Other popular authors included James Baldwin, Margaret Atwood and Virginia Woolf, who each had five books nominated.

     And readers nominated four of Joan Didion’s books: “The Year of Magical Thinking,” “Slouching Towards Bethlehem,” “The White Album” and “Play It as It Lays.”

Runners Up

The Museum of Innocence by Orhan Pamuk
Pilgrim at Tinker Creek by Annie Dillard
The Road by Cormac McCarthy
Never Let Me Go by Kazuo Ishiguro
84, Charing Cross Road by Helene Hanff


The most popular US library books of 2021 (Clarisa Diaz, Quartz)
The 100 Must-Read Books of 2021 (Annabel Gutterman, Cady Lang, Arianna Rebolini, and Lucas Wittmann, Time)
Best Books of 2021 (New York Public Library)
74 mini-reviews to help you find a great book to read next (David Bauer, Medium, 1-5-21) Book recommendations, from climate change to robotics, from food to superforecasting, from leadership to writing, and more.
The best books for white people to learn (just a little) about Black people (Lawrence Goldstone, Shepherd for Authors)
How will sharing book recommendations help me sell books?

Best movies of 2021 (Ann Hornaday, Washington Post) Almodóvar just gets better, family films make a comeback
The movies that wowed Post critics in 2021 (Michael O'Sullivan, Washington Post)
30 Movies That Are Unlike Anything You’ve Seen Before (David Sims, The Atlantic, 5-30-20) These movies "are singular, whether they’re experimental documentaries, visionary works of animation, or labyrinthine epics. Each is unforgettable, and a reminder of cinema’s potential to flout narrative convention, subvert visual traditions, and find new ways to express timeless themes."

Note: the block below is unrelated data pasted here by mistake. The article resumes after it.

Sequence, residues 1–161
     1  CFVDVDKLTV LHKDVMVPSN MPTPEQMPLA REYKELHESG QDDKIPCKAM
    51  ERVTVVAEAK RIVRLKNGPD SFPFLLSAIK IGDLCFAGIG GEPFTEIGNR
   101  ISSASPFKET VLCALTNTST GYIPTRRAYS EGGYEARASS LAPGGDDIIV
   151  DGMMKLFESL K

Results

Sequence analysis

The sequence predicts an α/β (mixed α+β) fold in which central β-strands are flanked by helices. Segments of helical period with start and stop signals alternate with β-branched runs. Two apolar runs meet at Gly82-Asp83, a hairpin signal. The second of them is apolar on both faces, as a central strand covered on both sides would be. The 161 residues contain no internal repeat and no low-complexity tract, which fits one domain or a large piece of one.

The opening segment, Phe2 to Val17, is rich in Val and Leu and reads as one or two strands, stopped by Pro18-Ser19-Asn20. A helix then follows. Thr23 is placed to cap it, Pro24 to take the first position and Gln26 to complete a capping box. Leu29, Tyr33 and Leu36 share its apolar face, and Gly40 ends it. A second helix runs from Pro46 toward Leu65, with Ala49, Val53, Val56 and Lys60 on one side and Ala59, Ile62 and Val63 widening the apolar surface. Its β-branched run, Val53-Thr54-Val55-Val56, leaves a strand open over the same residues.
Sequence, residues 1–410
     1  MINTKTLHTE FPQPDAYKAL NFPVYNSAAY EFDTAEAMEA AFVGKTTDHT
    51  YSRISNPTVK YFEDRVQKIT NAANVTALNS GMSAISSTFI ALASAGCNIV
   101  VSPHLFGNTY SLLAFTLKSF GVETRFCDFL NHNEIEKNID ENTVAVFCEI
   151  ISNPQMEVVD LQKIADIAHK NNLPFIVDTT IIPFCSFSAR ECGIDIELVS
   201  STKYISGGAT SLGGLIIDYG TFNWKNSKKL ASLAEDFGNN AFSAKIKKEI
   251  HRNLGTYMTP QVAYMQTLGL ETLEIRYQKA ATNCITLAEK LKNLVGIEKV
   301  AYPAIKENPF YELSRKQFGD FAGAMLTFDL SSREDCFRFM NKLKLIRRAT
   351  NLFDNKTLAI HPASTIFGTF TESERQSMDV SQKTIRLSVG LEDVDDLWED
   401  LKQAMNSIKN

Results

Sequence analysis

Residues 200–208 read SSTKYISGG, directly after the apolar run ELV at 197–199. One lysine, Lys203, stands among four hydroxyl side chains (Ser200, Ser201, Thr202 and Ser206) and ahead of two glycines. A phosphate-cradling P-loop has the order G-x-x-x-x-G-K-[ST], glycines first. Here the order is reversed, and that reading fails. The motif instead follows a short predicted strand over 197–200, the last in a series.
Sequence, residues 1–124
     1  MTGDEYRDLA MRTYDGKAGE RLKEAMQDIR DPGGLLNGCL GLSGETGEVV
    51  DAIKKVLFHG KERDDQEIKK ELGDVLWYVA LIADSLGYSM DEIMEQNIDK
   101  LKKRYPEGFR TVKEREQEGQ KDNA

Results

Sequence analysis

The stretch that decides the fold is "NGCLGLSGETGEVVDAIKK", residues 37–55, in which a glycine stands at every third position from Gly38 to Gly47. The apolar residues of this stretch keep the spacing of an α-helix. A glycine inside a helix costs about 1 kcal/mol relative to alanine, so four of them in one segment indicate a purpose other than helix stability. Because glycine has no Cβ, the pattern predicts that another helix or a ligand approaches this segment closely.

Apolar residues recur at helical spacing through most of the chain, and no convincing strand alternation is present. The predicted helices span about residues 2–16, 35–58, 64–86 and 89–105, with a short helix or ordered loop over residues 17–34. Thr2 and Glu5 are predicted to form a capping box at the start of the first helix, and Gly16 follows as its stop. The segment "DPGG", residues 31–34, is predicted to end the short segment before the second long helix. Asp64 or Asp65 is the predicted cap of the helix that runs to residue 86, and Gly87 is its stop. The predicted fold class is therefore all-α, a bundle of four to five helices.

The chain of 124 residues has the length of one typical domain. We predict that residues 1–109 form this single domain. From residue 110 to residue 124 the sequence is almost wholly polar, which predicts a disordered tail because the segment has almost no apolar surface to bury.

Winter Movies 2021: Here’s What’s Coming Soon to Streaming and Theaters (Ben Kenigsberg, NY Times, 11-16-21) Get ready for originals like “House of Gucci” and “C’mon C’mon” or franchise updates like “The Matrix Resurrections” and “Ghostbusters: Afterlife.”
11 Overlooked Classic Films for a Pandemic Winter Old Rex Reed recommendations, posted12-11-21)
Readers, Streamers, and Watchers (Marcy Davis’s great private Facebook group)



"Few shows get better over time and are worth recommending to new viewers after they're done—Schitt's Creek, Better Call Saul, and BoJack Horseman are rare examples." ~ Jordan Calhoun, The Atlantic, 6-22  



The 16 Best TV Shows of 2021 (Sophie Gilbert, Megan Garber, and Shirley Li, The Atlantic, 12-9-21)

“Men in Kilts: A Roadtrip With Sam and Graham" (Starz)

“Mare of Easttown" (HBO)

“Lupin" (Netflix)

“Dickinson" (Apple TV+)

“The Chair" (Netflix)

“Ted Lasso" (Apple TV+)

“Hacks" (HBO Max)

“Insecure" (HBO)

“Girls5eva" (Peacock)

“The White Lotus" (HBO

“The Underground Railroad" (Amazon Prime

“Reservation Dogs" (FX on Hulu)

“WandaVision" (Disney+)

“Only Murders in the Building" (Hulu)

“Squid Game" (Netflix)

“The Other Two" (HBO Max)

The Best TV Shows of 2021 (Doreen St. Félix, New Yorker, 12-8-21) In no particular order:

"The Underground Railroad” (Amazon Prime)

“South Side” (HBO Max)

“Reservation Dogs” (FX)

“The White Lotus” (HBO)

“We Are Lady Parts” (Peacock)

“Succession” (HBO)

“Philly D.A.” (PBS)

“Hacks” (HBO Max)

“The Real Housewives of Beverly Hills” and “The Real Housewives of Salt Lake   City” (Bravo) which is morphing into a true-crime hit

“Love Life” (HBO Max) which gets the award for most improved Bonus Awards for Consistent Excellence: “Evil” (CBS)

“Bob’s Burgers” (FOX)

“What We Do in the Shadows” (FX)

“Work in Progress” (Showtime).